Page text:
Develop the Mind of Christ Today
14. How is having the mind of Christ involved in our preaching?
14 None of us would view the mind of Christ as unique to the first century—to Jesus and the early disciples of whom the apostle Paul wrote: “We do have the mind of Christ.” (1 Corinthians 2:16) And we would readily admit that we are obliged to preach the good news and to make disciples. (Matthew 24:14; 28:19, 20) Yet, it is beneficial to reflect on our own motives for doing that work. It should not be out of a mere sense of duty. Love for God is a primary reason why we share in the ministry, and truly being like Jesus includes being moved by compassion to preach and teach.—Matthew 22:37-39.
15. Why is compassion an appropriate part of our public ministry?
15 Granted, it is not always easy to feel compassion for those who do not share our beliefs, especially when we encounter apathy, rejection, or opposition. Yet, if we were to lose our love and compassion for people, we could lose a vital motivation for sharing in the Christian ministry. How, then, may we cultivate compassion? We can try to see people as Jesus saw them, as “skinned and thrown about like sheep without a shepherd.” (Matthew 9:36) Does that not describe many today? They have been neglected and blinded spiritually by false religious shepherds. As a result, they do not know of the sound guidance found in the Bible nor of the Paradise conditions that God’s Kingdom will soon bring to our earth. They face the problems of daily life—including poverty, family discord, sickness, and death—without having the Kingdom hope. We have what they need: the life-saving good news of God’s Kingdom now established in heaven!
16. Why should we want to share the good news with others?
16 When you thus ponder the spiritual needs of those around you, does not your heart move you to want to do all you can to tell them about God’s loving purpose? Yes, ours is a work of compassion. When we feel for people as Jesus did, it will be evident in our tone of voice, our facial expression, our manner of teaching. All of that will make our message more appealing to those who are “rightly disposed for everlasting life.”—Acts 13:48.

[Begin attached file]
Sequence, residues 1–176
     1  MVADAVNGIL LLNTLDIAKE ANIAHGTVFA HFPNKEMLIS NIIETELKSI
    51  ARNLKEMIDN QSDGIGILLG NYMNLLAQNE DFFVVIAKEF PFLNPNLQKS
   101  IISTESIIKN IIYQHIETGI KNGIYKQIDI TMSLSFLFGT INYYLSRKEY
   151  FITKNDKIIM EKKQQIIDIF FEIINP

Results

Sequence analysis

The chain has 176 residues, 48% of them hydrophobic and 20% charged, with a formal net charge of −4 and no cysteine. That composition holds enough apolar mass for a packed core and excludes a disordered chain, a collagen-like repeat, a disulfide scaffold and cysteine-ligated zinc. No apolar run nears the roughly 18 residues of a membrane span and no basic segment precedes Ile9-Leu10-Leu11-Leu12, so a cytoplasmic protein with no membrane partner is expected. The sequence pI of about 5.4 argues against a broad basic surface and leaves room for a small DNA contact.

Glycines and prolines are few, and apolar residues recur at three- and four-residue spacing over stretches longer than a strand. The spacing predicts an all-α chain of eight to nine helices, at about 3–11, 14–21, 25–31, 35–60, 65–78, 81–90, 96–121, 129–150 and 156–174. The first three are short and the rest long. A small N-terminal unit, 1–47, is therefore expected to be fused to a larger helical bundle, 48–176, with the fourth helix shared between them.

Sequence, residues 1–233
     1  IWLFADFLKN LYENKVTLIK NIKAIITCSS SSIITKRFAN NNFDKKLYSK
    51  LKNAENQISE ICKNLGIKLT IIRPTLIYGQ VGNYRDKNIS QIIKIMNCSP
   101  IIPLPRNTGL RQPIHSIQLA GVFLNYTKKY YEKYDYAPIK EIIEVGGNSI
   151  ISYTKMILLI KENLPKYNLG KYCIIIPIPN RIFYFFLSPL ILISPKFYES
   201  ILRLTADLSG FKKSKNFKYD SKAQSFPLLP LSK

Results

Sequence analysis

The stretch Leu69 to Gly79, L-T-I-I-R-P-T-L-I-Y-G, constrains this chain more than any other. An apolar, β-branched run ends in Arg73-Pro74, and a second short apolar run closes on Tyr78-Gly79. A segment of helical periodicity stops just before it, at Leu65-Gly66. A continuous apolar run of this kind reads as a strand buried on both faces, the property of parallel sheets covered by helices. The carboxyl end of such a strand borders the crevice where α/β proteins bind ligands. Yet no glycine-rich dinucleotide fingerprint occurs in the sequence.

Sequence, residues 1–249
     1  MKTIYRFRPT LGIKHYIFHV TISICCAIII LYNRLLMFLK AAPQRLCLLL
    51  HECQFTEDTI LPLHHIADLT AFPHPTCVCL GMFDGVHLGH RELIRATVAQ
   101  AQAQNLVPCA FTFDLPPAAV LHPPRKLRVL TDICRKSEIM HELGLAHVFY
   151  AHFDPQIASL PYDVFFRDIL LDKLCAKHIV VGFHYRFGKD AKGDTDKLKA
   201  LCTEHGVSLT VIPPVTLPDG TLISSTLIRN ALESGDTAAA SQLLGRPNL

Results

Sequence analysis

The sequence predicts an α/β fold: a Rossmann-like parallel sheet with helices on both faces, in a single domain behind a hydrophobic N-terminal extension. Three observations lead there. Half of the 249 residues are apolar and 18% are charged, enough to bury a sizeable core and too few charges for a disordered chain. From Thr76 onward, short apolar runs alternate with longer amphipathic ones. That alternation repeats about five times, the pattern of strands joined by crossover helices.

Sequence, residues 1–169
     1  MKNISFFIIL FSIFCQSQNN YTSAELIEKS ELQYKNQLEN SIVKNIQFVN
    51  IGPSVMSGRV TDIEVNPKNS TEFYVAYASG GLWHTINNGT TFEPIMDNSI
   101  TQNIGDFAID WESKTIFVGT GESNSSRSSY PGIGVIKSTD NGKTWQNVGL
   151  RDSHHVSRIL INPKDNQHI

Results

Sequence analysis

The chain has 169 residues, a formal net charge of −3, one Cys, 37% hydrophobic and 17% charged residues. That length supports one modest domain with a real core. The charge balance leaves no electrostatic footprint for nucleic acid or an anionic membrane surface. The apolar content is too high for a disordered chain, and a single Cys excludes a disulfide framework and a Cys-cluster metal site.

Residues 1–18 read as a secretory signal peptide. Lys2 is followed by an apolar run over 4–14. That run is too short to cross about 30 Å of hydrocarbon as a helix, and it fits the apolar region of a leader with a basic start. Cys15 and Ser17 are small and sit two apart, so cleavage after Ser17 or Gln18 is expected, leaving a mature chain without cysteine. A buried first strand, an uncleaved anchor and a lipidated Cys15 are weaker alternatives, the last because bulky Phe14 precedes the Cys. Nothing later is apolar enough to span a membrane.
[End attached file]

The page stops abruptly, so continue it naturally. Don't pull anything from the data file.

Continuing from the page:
17. (a) What are some ways in which we can display our love and compassion for others? (b) Why is it not a matter of either doing good works or sharing in the public ministry?
17 Our love and compassion should, of course, be manifest in our whole life course. This includes our being kind to the disadvantaged, sick, and poor—doing what we reasonably can to relieve their suffering. It encompasses our efforts in word and deed to dispel the grief of those who have lost loved ones in death. (Luke 7:11-15; John 11:33-35) Yet, such manifestations of love, kindness, and compassion must not become the main focus of our good works, as they are with some humanitarians. Of much more lasting significance are efforts motivated by similar divine qualities but manifested in sharing in the work of Christian preaching and teaching. Recall what Jesus said about the Jewish religious leaders: “You give the tenth of the mint and the dill and the cumin, but you have disregarded the weightier matters of the Law, namely, justice and mercy and faithfulness. These things it was binding to do, yet not to disregard the other things.” (Matthew 23:23) With Jesus it was not one or the other—either helping people with their physical needs or teaching them life-giving spiritual matters. Jesus did both. Still, it is clear that his teaching work was foremost because the good he thus accomplished could be of everlasting help.—John 20:16.
18. To what should our considering the mind of Christ move us?
18 How grateful we can be that Jehovah has revealed the mind of Christ to us! By means of the Gospels, we can come to know better the thoughts, feelings, qualities, activities, and priorities of the greatest man who ever lived. It is up to us to read, meditate upon, and put into practice what the Bible reveals about Jesus. Remember, if we are truly to act like Jesus, we must first learn to think, feel, and evaluate matters as he did, to the best of our ability as imperfect humans. Let us, then, be determined to cultivate and demonstrate the mind of Christ. There is no better way to live, no better way to treat people, and no better way for us and others to draw close to the one whom he perfectly reflected, our tender God, Jehovah.—2 Corinthians 1:3; Hebrews 1:3.